This would amount to a substantial concession for the EU. But the alternative might be that Russia opts to stay outside the WTO. The question for Russia is how it can convince the EU to make that concession. It has a big, valuable card in the Kyoto Protocol on the limitation of emission of greenhouse gases till 2012.
.
Russia is the key to the Kyoto Protocol. Without Russian ratification, the protocol will not come into force. At the same time, ratification would not cost Russia anything, because the Kyoto Protocol limits emissions to the level of 1990, when the inefficient old Soviet smokestacks let out twice as much greenhouse gases as today. Thus Russia can earn billions of dollars from selling emission quotas.
.
Putin's main goal is economic growth, and the Russian government is suspicious of environmental regulations which may limit growth. But that is not true of the Kyoto Protocol for Russia. The Russian environmental lobby is weak, and global warming is no major concern, while nuclear and chemical pollution is.
.
For Putin, the question of ratifying the Kyoto Protocol comes down to pure foreign policy. Does he want to do the United States or the EU a favor? At present, the United States has hardly anything to offer in exchange, while Russia needs to give the EU something to convince it to allow Russia to enter the WTO.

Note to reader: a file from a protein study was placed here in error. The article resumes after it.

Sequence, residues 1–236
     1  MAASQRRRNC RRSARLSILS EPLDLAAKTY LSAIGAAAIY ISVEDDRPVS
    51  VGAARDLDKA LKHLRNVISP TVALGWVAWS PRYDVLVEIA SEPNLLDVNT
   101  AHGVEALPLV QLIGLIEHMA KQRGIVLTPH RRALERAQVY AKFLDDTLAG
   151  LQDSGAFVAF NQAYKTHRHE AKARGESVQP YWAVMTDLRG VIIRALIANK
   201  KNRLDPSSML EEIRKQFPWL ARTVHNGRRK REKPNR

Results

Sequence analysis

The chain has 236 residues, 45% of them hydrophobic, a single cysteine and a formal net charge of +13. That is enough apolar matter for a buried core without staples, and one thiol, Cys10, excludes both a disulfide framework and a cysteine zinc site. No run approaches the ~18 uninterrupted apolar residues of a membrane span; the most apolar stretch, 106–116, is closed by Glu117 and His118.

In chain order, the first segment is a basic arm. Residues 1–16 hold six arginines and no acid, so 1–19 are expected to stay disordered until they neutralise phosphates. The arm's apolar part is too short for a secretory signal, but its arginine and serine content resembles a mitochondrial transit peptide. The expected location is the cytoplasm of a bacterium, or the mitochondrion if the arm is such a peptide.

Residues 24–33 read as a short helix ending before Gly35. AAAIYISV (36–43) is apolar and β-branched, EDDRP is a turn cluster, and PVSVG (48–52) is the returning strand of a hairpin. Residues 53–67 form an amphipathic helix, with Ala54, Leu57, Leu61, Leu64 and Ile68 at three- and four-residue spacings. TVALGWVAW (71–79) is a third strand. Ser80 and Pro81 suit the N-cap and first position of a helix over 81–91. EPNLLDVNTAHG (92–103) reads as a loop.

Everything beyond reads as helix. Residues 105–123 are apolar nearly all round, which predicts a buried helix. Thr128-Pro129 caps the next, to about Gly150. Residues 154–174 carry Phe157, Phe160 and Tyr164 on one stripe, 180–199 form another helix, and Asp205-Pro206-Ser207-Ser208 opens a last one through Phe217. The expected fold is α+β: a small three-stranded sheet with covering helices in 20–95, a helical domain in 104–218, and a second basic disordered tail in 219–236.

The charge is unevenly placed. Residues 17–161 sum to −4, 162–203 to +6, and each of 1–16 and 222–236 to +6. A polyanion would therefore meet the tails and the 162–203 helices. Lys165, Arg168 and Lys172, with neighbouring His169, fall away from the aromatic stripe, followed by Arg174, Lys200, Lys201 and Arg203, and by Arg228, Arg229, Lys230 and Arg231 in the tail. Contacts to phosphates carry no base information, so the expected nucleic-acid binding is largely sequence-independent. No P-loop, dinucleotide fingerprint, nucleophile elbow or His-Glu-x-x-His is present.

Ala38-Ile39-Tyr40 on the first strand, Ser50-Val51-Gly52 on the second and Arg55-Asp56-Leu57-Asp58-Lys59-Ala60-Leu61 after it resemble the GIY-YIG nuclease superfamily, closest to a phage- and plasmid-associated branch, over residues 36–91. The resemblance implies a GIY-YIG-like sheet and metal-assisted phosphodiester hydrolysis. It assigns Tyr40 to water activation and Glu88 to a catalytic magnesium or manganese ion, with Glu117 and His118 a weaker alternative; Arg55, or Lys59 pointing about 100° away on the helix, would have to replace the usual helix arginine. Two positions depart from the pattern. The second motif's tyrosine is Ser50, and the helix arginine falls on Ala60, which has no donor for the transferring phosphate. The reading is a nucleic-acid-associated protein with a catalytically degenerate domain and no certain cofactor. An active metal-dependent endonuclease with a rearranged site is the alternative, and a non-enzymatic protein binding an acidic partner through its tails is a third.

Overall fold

.
The natural conclusion would be for Putin to tell the European Commission, which handles the WTO accession negotiations, that Russia will commit itself to higher gas prices and to ratifying the Kyoto Protocol in exchange for an EU agreement on Russia's accession to the WTO.
.
There is no need for delay. The European Commission president, Romano Prodi, and several of his commissioners go to Moscow to see Putin on April 22, and an EU-Russia summit meeting will be held in Moscow on May 21. An agreement by then would enable Russia to enter the WTO this year; the Kyoto Protocol could come into force, and Russia could finally start its real integration with Europe.
.
Anders Aslund is director of the Russian and Eurasian Program at the Carnegie Endowment for International Peace.